By now you would’ve seen the all-new Honda Jazz, which made its world premiere yesterday at the opening of the 2019 Tokyo Motor Show in Japan, where the Jazz is sold as the Fit.
The fourth generation Honda Jazz will only go on sale in Japan in February 2020 so details like body dimensions and engine specifications are still unclear, but we do know that in Japan (and Europe), the all-new Honda Jazz will be sold exclusively as a hybrid.
It will most likely be a 1.5-litre full hybrid but unlike the outgoing model’s single motor i-DCD (Intelligent Dual Clutch Drive), the new model will use a scaled down version of the Honda Accord and CR-V’s two-motor i-MMD, which has since been rebranded as Honda e:HEV, short for Hybrid Electric Vehicle. No this is not an electric vehicle you don't need to charge. Electric here refers to electrified drivetrain, e.g. hybrid.
Like all previous generations of Jazz, the all-new model continues to set the benchmark for offering the biggest interior in its class. Nevermind its other segment rivals, the Honda Jazz’s interior is more spacious than even a Toyota Corolla, which sits one segment higher.
New for this generation is a body-stabilizing seat, which will later be introduced in other more expensive Honda models, provides better support by using larger and thicker seat paddings (not common in this segment). Even the headrest have a noticeably German-style to it.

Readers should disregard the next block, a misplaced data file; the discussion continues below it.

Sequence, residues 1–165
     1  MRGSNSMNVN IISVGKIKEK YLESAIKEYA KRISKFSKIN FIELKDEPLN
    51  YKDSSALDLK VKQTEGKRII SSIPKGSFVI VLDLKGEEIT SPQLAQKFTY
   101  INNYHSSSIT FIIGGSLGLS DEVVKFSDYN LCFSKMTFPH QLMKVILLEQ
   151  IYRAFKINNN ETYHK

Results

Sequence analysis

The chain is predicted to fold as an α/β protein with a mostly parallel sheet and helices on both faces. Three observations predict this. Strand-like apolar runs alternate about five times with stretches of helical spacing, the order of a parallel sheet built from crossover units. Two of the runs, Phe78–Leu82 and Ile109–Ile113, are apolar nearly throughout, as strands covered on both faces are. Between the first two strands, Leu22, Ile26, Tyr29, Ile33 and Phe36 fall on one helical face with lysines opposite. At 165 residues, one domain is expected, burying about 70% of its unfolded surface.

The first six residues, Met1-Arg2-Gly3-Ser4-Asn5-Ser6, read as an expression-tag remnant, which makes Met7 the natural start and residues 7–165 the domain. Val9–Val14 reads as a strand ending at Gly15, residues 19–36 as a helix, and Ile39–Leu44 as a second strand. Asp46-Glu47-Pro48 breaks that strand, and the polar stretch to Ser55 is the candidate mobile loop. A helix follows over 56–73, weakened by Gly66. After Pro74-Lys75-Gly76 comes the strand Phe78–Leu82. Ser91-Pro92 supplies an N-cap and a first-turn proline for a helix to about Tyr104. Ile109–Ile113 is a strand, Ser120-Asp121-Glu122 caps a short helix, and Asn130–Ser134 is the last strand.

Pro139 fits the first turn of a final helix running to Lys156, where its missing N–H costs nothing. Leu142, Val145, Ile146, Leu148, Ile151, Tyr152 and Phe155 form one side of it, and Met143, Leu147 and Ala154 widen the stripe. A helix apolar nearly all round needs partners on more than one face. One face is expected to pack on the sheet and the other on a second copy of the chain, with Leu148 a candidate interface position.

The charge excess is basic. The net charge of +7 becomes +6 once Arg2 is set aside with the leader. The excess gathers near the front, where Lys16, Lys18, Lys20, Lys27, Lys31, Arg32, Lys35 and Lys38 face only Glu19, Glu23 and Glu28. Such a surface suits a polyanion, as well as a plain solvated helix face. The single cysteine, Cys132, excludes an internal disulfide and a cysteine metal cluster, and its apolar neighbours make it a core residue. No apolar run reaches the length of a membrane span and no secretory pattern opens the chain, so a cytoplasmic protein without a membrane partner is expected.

In Japan, there are five variants on offer – Basic, Home, (Fit) Ness, Crosstar, and Luxe. We take a closer look at the inside of the highest specifications Luxe variant, which features a two-tone, leather wrapped interior.
Apart from the leather upholstery, the other variants of the Jazz feature more or less the same interior as the Luxe. Even the ones with fabric seats feels like they come from higher range cars from one-segment above it. You can view the different variants here.
As the all-new fourth generation Honda Jazz won't go on sale in Japan until February 2020, we don't expect it to arrive in Malaysia before 2021. Additional time is needed to prepare for local assembly. In any case, production needs to start in Thailand first before Malaysia can assemble it, as many of the required parts are produced in Thailand.